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Tennis legend Kloss honoured to clinch tournament

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Former South African number-one tennis player Ilana Kloss says it was a dream come true to win Junior Wimbledon in 1972 as a teenager, and now, this Jewish legend of South African sport is honoured that an international women’s tennis tournament is going to be named after her.

Rising South African stars will compete against international competitors in The Ilana Kloss International, an upcoming International Tennis Federation (ITF) tournament in Pretoria that starts on 5 March.

This World Tennis Tour $25 000 (R430 000) ITF prize-money event starts at TuksTennis, the University of Pretoria’s tennis centre. Organisers chose to name it after the Johannesburg-born Kloss, whom they describe as “a living legend” in this country.

“I wish all the participants the best of luck, and I know this tournament will give rising South African stars a chance to display their immense potential,” Kloss said ahead of the tournament, which will be taking place for the fourth time.

Local women’s tennis has been further boosted by yet another women’s international tournament in Pretoria at the same venue on 12 March.

These tournaments don’t just further TSA’s pledge to host more women’s events, they “offer South African players an opportunity to earn valuable international ranking points on their home turf without incurring the high costs and associated stresses of international travel”, says Kloss, a two-time Grand Slam doubles champion.

Kloss, an inductee in the United States National Jewish Sports Hall of Fame and International Jewish Sports Hall of Fame, told the SA Jewish Report that one of the highlights of her tennis career was winning the singles, doubles, and mixed titles at the Maccabi Games in 1973 and then being chosen to carry the South African flag in the 1977 Maccabiah.

“I led the country’s delegation into the stadium in Israel with my hero, the country’s prime minister Golda Meir, in attendance,” she said.

Kloss is a winner of Junior Wimbledon, which the likes of Martina Hingis, Amelie Mauresmo, Caroline Wozniacki, Ivan Lendl, Pat Cash, and Roger Federer went on to win. “I wasn’t seeded, and it was a big upset,” Kloss said. “Also, Tennis South Africa didn’t want me to go. In those days, they only sent boys, not girls, so my parents and my coach, Sheila Summers, helped to make the trip possible.”

Kloss clearly remembers winning the United States Open Junior title in 1974, two Grand Slam doubles titles, the United States Open Women’s Doubles in 1976 with South African Linky Boshoff, and the French Open Mixed Doubles with Australian Kim Warrick in 1976.

She grew up in a traditional Jewish family. “Fortunately, my parents were open-minded and encouraged my sister, Merle, and me to be independent and follow our dreams. Both my parents were members of Jeppe Lawn Tennis Club and loved tennis. Every weekend was spent at the tennis club. I loved tennis from the very beginning, and would hit tennis balls against the wall until I could get an adult to play with me.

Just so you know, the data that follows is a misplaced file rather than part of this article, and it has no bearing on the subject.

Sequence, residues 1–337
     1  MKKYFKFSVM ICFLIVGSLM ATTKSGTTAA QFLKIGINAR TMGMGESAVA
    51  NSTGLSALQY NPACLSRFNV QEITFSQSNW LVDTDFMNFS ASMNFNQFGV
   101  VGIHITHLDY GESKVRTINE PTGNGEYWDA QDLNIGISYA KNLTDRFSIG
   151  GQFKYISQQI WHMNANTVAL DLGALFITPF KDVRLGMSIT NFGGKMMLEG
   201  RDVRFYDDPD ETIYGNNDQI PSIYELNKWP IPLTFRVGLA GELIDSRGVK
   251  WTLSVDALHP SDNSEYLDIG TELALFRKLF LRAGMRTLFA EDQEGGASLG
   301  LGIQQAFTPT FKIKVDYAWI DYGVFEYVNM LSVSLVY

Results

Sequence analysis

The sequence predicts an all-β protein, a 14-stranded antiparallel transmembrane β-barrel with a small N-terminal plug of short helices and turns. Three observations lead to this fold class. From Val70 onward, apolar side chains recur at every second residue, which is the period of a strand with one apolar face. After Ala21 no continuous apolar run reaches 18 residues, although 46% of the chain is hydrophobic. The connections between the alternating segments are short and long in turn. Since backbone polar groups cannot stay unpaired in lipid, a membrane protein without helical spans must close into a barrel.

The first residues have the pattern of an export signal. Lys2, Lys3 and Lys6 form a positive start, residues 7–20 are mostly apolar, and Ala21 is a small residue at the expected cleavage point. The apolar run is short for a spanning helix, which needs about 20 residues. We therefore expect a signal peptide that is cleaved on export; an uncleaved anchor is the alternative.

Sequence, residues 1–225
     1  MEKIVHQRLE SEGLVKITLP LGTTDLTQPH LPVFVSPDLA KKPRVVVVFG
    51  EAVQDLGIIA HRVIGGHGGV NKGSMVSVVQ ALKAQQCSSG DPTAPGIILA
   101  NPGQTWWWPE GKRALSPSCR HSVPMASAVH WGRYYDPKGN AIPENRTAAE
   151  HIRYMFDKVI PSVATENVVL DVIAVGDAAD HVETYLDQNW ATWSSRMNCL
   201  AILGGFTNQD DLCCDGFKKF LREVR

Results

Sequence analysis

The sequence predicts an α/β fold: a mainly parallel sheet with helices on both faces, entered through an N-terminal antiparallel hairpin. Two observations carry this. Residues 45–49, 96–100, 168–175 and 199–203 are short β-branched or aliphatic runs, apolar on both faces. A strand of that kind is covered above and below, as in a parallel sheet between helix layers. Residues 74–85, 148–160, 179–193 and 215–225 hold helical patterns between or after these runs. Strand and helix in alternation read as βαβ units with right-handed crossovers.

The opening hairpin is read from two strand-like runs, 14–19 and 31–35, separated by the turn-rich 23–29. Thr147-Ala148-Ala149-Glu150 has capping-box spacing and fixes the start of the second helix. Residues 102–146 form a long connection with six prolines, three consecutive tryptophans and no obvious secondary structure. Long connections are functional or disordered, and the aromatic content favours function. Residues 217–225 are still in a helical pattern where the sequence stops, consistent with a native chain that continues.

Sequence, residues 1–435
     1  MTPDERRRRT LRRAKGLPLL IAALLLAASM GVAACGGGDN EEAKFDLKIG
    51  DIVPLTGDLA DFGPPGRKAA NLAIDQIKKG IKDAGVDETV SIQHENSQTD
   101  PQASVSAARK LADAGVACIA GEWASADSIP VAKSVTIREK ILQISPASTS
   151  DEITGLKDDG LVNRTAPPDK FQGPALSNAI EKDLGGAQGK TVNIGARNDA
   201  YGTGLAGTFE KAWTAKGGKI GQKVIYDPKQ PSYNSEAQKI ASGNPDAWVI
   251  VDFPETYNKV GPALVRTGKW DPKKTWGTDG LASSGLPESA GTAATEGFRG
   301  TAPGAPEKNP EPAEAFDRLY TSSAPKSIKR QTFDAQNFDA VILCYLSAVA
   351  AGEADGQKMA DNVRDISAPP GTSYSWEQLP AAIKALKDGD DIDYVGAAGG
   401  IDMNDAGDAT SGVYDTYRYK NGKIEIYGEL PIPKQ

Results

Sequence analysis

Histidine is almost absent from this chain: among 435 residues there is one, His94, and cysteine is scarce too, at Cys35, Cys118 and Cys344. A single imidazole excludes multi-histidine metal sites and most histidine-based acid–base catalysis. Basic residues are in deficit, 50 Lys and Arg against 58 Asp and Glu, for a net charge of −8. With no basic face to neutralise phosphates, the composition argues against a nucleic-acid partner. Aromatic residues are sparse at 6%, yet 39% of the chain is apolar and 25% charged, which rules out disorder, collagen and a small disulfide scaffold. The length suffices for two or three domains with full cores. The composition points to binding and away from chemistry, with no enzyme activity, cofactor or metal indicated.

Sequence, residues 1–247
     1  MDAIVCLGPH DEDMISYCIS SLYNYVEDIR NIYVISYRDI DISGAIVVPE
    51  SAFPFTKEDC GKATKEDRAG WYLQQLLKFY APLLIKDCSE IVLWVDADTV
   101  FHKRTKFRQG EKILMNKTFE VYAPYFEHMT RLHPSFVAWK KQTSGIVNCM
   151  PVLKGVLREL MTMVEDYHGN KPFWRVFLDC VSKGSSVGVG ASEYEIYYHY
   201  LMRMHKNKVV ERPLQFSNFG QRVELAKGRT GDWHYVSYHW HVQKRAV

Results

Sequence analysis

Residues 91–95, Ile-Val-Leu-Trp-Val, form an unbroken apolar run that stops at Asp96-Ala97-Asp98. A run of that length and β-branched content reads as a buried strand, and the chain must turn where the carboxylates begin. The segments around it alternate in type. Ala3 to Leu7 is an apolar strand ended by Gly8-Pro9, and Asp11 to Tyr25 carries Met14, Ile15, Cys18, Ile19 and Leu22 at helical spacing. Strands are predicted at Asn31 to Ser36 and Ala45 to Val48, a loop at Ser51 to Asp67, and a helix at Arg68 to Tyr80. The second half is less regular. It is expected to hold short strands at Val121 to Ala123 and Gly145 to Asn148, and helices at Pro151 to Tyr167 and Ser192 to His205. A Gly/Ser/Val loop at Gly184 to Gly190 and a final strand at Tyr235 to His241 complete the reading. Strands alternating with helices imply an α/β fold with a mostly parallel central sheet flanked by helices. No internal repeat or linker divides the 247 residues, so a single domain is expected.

“We were also fortunate to have the South African Open Tennis Championships at Ellis Park annually, where the best players in the world participated. I was a ball girl for the tournament. Seeing how good the best were, I became obsessed with becoming good enough to be a pro and travel the world.”

Kloss has the following advice for South African tennis players who hope to follow in her footsteps: “Work hard, be sure to compete in tournaments, and surround yourself with great coaches on and off the court.”

Kloss said she had met all the top tennis players over the years. “From Rod Laver, Billie Jean King, and Arthur Ashe, to every top player from each generation.”

She said her parents helped to shape her Jewish identity. “My parents instilled wonderful values about respecting others who aren’t like us and always helping those who might be less fortunate. When you give, you tend to receive.”

After she hung up her tennis racket, Kloss was chief executive and commissioner of World TeamTennis, managing both the professional sports league and nationwide grassroots recreational programmes from 2001 to 2018.

Today, Kloss is the chief executive of Billie Jean King Enterprises, where she leads business development and oversees strategic partnerships. “We focus on three areas: representation of Billie Jean and overseeing her marketing, branding, and legacy; representation of other athletes and media sports personalities; and consulting in sports and business,” she says. “We also focus on investment in various sports-related teams and business or technology mostly focused on helping women.”

Kloss is also actively involved in the Women’s Sports Foundation as a member of the executive board. She was named Sports Businesswoman of the Year by the Warsaw Sports Marketing Centre in 2007. She’s a part owner of the Los Angeles Dodgers, Los Angeles Sparks, and Angel City Football Club. She serves on the board of the Elton John AIDS Foundation and Billie Jean King Leadership Initiative, and is a senior advisor to the Professional Women’s Hockey Players Association.

Kloss is a member of both the National and International Jewish Sports Hall of Fame, sitting alongside the likes of Ali Bacher and Syd Nomis as one of the 11 South Africans in the latter hall. She’s well-known for her work with her long-time partner, the legendary Billie Jean King, as an advocate for gender equality, inclusivity, and diversity, in sport as well as in wider society.

Tennis is “big business now”, Kloss said, compared to her playing days. “The equipment, training, and technology have added a lot,” she said.

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